April 21, 2018
Living Latest News | Poll Questions | NEA Poetry Suit | Kenduskeag Stream Race | Maine Legislature

Celebrating nature and spirit

Contributed | BDN
Contributed | BDN
By Lynn Ascrizzi, Special to the BDN

THE ART OF NESTING, by Sandra Hutchison, 2008, George Ronald Publisher, Oxford, England, $19.95.

To a bird, a nest is a natural haven, a place to protect its precious offspring from the fierce onslaughts of life._ In “The Art of Nesting,” a newly released book of poetry written by Sandra Lynn Hutchison, Ph.D., of Orono, the domestic theme of nest building becomes a metaphor for incubating the creative spark within.

“This book of poems reflects almost a decade spent in the Orono area and the landscape of this place,” she said during a recent poetry reading and book signing held at Dirigo Pines Inn, an event sponsored by the Orono Public Library.

In her book’s eloquent title poem, she uses the image of a bird weaving its nest to express the art of writing and living well:

“Work your way inward like this, weaving as you go the softer

materials you may discover as you soar, vigilant, over the budding earth.

The grass must bend. Something that bends isn’t easily broken.”

To Hutchison, who teaches English at the University of Maine, the sheltering theme of a nest also extends to the modest

gray house she shares with her husband, Richard Hollinger, head of special collections at UMaine’s Fogler Library, and their young daughter, Shira.

Most of the intensely layered imagery of her poetry is woven from the living elements of nature — the song of the yellowthroat, the spring flowering of the rhodora, the whirring wings of the dragonfly.

But her celebrations of the natural world possess a different intention from, say, the works of renowned nature poet Gary Snyder, whose Zen leitmotifs and energetic walking rhythms take us into high terrain, particularly in “Mountains and Rivers Without End” (Counterpoint, 1997).

Instead, Hutchison’s exemplary art is achieved through nuanced explorations of the primordial feminine, with its urge to unify the seemingly conflicting tensions of motherhood and career, commitment and freedom. To her, gardening is an occasion to cultivate spirit; the act of giving birth, a liberation.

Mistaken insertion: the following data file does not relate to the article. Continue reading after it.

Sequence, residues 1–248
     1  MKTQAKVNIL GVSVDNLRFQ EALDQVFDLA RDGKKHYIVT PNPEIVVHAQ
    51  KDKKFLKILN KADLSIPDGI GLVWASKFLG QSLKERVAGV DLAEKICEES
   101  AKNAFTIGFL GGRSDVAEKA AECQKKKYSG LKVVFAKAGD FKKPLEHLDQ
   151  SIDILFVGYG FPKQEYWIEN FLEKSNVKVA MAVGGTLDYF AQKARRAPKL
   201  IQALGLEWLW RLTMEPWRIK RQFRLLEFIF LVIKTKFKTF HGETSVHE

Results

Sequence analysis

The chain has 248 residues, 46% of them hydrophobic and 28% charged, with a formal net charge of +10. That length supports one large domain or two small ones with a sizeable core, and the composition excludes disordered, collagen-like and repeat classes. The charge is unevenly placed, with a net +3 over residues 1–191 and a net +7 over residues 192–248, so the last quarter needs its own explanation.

In “Bog Walk,” one of the strongest poems in the book, we find detailed images of the Orono nature preserve, with its songbirds, trees and wildflowers.

But here, nature is used as a foil to celebrate, gently but probingly, the mystical-instinctual bond of the human family.

“The bog sediments are like layers of primeval history,” she said while introducing the poem inspired by a real-life bog walk she took with her husband and daughter.

“This is where the woman buried her child a thousand years ago,

this is where she kept her fire alive through the night

to warm the others. This is where the man, the one

who came to her with berries and skins, lay with her.”

She warns us: Nature is not all “daffodils and spring” in a bog, “where the carnivorous pitcher plant unfolds its dark design.” Even the red sphagnum moss conjures up the “blood of birth, wine of death.”

But in the natural world, she points out, even decay is sweet, for from it sprouts hints of immortality:

“In death, intimacy abounds,

the sweet odour of peat,

the fresh scent of pine,

all evergreen, evergreen.”

Hutchison is poetry editor of Puckerbrush Review, the longest-published literary journal in Maine. The journal marked its 30th anniversary this past spring. Its primary focus is to launch new writers, but the review also has published works of luminaries such as author Mary McCarthy and poets Philip Booth, Elizabeth Hardwick and the legendary May Sarton.

In part, Hutchison owes a debt, she said, to her close friendship with the late Constance Hunting, founder and former editor of Puckerbrush Review. An Orono poet, Hunting taught creative writing at UMaine for decades and brought a vibrant literary presence to the region.

“She lived around the corner from me,” Hutchison said, as she mused on her mentor’s encouraging influence. “Constance taught me that genuine poetry is given, not made. She showed me how to let go of everything but the writing.”

Born in Toronto, Hutchison has traveled and lived all over the world — in India, China and the Middle East, where she worked as a writer and teacher.

“The transformations we move through in life are never what we expect,” she said.

“The Art of Nesting” is available online at grbooks.com or e-mail the author at sandrahutchison19@hotmail.com. For subscription information to Puckerbrush Review, contact: Puckerbrush Press, 76 Main St., Orono 04473, or go to puckerbrushreview.com.

Lynn Ascrizzi is a free-lance writer who lives in Freedom.

Have feedback? Want to know more? Send us ideas for follow-up stories.

You may also like